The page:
The first thing we must establish is the concept of equilibrium. Imagine a pond with its surface perfectly smooth. That pond’s surface is in a state of equilibrium. If you throw a pebble into the pond, you create a disruption. You can see a small wave push out in all directions. Water also rushes in to fill that voided space. When it does, a small portion of which pushes out of the water and falls back in. This creates another, smaller ripple. This process continues, in smaller and smaller amounts, until the balance is restored.
The economy works in the same way. There is a natural state of balance that an economic system can support. When something comes in and disturbs that balance, the system adjusts until an equilibrium is restored.
In the example above, the billionaire doesn’t keep creating more and more jobs each month. The system adjusts to his being there and reaches a new, higher equilibrium.
This is a more important point that first realized. When he moves to town, he creates jobs. If he moves away, he destroys jobs. His living in town establishes a new status quo from which we measure.
Injections vs Growth
What if rather than moving to town, he just came for an extravagant vacation. He spends a million dollars on restaurants, bars, souvenirs, sightseeing, etc. over the course of the summer. That injection of cash creates a temporary increase in business. But that increase does not establish a new equilibrium; it is just a pebble in the pond.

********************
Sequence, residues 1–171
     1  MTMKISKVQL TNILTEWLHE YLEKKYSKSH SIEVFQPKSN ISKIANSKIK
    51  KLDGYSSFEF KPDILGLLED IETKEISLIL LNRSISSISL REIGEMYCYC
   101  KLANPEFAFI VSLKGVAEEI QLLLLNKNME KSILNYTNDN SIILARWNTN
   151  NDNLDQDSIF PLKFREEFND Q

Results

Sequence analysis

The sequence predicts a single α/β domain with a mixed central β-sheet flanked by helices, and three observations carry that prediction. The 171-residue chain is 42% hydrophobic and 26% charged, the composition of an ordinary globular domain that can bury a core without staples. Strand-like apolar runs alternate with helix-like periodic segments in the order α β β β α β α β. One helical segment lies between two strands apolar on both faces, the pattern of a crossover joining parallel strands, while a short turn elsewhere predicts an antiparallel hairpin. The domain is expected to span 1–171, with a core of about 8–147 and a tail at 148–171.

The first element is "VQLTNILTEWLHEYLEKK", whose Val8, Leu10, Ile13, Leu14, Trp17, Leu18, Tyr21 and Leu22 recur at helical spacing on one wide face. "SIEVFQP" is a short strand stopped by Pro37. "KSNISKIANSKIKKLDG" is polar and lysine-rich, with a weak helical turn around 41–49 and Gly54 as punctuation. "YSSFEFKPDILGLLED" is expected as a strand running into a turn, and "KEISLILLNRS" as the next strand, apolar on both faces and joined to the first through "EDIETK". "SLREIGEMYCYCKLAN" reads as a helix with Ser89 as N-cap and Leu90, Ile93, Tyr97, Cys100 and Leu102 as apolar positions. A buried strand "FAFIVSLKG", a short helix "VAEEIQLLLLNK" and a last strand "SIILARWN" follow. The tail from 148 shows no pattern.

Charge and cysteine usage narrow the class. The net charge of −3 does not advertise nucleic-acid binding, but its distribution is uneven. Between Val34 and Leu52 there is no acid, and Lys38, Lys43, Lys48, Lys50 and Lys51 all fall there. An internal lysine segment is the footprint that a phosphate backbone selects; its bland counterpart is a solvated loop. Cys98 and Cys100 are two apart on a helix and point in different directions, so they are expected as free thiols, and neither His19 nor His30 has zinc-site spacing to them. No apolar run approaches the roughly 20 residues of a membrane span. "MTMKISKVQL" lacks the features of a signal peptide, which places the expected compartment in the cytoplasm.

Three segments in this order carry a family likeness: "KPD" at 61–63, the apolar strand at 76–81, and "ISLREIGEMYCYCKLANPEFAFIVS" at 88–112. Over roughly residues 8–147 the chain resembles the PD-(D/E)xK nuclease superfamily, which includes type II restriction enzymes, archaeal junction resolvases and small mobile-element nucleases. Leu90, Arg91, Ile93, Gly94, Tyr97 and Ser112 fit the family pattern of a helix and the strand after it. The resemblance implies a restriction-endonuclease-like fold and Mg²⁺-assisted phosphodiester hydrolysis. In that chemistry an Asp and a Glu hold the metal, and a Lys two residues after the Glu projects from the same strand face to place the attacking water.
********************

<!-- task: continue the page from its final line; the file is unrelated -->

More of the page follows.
Once the money cycles through the economy, it returns to normal. If we wanted the economy to do as well next year as this year, we would need him to come back again. It hard to say that his vacation “grew the economy.”
In order to have economic growth, a new equilibrium level of activity must be reached. In order for the multipliers to kick in, the growth must be sustained. (Don’t get this confused with stimulating a depressed economy, which is a very different topic).
Likewise, shifts within the economy do not get the benefit of multiplier effects. When someone closes a business and goes to work on an oil rig, you can’t count the multiplier effects of a “new oil job”.
Technically, you could say that the loss of the business has negative multipliers and the gain of an oil job has positive multipliers, which cancel each other out. But, if you look at the economic data, you will see no change.
This is the biggest mistake people tend to make when talking about multipliers. They count the gains and ignore the losses. (Try adding up all the jobs people claim as indirect and induced jobs from their industries. You’ll find that there are more jobs than people. I show you why next).
Economic Multipliers – Advanced